Betty & Jean Fairfax
Teachers, philanthropists, & advocates for educational equity
During this Black History Month, Arizona List would like to commemorate and honor two important women who worked to improve the education system in Arizona and touched the hearts of many. Knowing the women who have changed the state gives us a better understanding of how much has been done to get us where we are today.
As teachers, philanthropists, & advocates for educational equity, Jean and Betty Fairfax were both civil rights activists. They both lived in Phoenix and focused their work on the public education system. To cement their legacy, the Fairfax sisters officially established the Betty H. & Jean E. Fairfax Fund for Educational Equity. Through various institutes and organizations such as the Arizona Community Foundation, the Arizona State University Foundation, and the Southern Education Foundation, the sisters provided support through educational and scholarship programs. Their mission has had a lasting impact in education across the Phoenix basin.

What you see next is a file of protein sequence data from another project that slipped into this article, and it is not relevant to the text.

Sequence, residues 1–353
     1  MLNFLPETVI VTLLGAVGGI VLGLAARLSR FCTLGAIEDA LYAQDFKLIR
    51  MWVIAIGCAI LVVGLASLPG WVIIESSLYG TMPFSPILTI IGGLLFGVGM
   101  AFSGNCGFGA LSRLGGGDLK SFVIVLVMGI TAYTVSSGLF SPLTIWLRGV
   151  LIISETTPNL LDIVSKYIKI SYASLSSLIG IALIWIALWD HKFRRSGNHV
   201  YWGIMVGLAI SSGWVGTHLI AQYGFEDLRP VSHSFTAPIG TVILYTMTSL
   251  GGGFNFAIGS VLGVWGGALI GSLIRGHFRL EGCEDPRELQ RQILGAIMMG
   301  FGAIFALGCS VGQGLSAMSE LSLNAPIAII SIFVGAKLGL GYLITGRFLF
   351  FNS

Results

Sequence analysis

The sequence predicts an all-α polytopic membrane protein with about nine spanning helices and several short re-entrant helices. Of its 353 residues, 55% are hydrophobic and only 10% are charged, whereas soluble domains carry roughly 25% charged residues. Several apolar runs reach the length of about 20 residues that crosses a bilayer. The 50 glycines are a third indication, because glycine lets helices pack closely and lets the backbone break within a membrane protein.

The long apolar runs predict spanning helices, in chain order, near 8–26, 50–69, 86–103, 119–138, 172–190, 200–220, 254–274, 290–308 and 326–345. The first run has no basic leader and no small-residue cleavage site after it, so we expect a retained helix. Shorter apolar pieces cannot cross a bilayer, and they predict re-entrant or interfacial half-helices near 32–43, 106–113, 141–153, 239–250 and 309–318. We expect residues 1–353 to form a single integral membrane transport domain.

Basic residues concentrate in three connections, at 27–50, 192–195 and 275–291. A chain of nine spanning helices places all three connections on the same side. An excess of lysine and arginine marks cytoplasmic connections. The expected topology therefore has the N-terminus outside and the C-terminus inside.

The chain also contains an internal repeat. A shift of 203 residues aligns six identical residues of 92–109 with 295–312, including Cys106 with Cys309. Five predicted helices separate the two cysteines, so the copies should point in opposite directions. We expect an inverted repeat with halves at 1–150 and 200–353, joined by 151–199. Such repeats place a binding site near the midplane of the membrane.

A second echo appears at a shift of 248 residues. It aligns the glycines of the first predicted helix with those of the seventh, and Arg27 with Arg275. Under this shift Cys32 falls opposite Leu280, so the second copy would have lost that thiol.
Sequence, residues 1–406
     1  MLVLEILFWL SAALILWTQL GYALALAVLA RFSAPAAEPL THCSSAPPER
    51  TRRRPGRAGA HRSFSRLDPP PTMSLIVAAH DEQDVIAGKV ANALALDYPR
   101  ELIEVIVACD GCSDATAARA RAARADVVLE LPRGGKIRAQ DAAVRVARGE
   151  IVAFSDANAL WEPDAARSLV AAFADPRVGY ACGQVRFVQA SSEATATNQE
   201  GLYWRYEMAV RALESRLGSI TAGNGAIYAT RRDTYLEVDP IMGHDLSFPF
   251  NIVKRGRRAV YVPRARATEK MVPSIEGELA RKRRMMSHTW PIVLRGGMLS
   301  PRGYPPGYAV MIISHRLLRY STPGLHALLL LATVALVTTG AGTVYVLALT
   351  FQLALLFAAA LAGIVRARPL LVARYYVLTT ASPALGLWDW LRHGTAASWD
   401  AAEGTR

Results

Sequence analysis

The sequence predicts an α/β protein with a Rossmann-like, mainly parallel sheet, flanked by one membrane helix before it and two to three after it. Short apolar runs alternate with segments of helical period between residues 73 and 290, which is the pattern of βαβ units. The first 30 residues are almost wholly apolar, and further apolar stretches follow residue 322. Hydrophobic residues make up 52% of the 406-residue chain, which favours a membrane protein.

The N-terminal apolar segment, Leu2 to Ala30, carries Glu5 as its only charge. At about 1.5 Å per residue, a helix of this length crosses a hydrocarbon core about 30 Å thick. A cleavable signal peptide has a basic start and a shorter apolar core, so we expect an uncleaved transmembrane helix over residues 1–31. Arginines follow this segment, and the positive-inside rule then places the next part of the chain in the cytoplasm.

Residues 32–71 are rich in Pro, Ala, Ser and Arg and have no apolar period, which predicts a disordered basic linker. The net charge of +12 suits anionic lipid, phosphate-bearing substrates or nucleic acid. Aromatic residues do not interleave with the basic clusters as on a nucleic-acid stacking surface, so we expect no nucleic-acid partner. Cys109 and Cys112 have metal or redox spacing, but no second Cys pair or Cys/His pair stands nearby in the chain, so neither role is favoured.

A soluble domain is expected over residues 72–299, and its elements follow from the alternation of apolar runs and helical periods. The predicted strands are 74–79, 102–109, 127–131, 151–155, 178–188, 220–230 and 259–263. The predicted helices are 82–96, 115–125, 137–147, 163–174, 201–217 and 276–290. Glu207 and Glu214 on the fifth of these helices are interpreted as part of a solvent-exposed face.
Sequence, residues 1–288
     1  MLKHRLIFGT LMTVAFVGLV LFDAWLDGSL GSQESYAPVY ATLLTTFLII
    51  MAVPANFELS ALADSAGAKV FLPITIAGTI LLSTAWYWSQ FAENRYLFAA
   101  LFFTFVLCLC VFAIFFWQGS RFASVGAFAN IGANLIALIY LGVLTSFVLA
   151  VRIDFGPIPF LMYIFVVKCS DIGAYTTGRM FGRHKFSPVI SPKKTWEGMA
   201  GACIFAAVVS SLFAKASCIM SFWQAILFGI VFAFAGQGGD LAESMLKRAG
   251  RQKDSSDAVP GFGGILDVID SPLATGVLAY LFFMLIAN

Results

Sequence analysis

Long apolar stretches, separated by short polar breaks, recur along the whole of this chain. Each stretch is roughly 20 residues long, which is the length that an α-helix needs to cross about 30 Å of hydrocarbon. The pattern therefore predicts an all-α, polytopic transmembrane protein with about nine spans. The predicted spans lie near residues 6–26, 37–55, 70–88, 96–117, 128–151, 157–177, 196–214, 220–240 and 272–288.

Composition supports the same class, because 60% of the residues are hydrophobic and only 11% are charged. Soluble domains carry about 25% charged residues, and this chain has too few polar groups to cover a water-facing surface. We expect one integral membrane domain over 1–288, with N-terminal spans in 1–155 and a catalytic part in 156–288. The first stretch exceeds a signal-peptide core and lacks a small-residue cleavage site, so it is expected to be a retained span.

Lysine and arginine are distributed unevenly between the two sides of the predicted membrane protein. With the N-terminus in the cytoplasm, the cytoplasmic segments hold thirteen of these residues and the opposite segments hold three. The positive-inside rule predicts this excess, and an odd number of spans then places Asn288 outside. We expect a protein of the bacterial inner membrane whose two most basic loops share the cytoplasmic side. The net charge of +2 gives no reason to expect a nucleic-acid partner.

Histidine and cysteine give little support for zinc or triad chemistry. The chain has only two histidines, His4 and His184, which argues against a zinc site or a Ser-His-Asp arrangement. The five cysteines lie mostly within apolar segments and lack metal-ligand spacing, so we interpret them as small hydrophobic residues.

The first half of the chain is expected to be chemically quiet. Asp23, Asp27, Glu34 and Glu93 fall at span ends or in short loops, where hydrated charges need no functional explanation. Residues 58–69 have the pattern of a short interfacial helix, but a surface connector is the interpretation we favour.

As a teacher and mentor to her students, Betty Fairfax continued her life-long passion for promoting education to students of color in the public education system. She taught in a segregated school in the 1950s at Carver High School and subsequently became one of the first Black teachers to teach as desegregation was first ordered within the county. After working within Phoenix Union High School District for more than 50 years she passed away in 2010. Before passing, the Laveen School District honored Betty and all her advocacy work by naming a school after her. The Betty H. Fairfax School was established in 2007 in Laveen, Arizona.
Jean Fairfax earned her bachelors at the University of Michigan and her masters from Union Theological Seminary in New York. She began making an impact in education as the Dean of Women at Kentucky State College and later did the same at Tuskegee Institute. She had experience in working in humanitarian relief following WW2 in Austria and as an administrative figure of Civil Rights programs in the South. She worked to make free-and-reduced lunch programs more accessible in schools and was an avid voice in the desegregation of post-secondary education. After moving to Phoenix, Jean founded and served with her sister as trustees of the Black Legacy Endowed Funds
Thanks to their philanthropic pursuits and advocacy, their dedication was felt throughout the state and in many schools the Fairfax sisters touched. The legacy of the Fairfax sisters in the education system will positively affect students for years to come.
By Vanessa Madrid-Resendiz, Arizona List Intern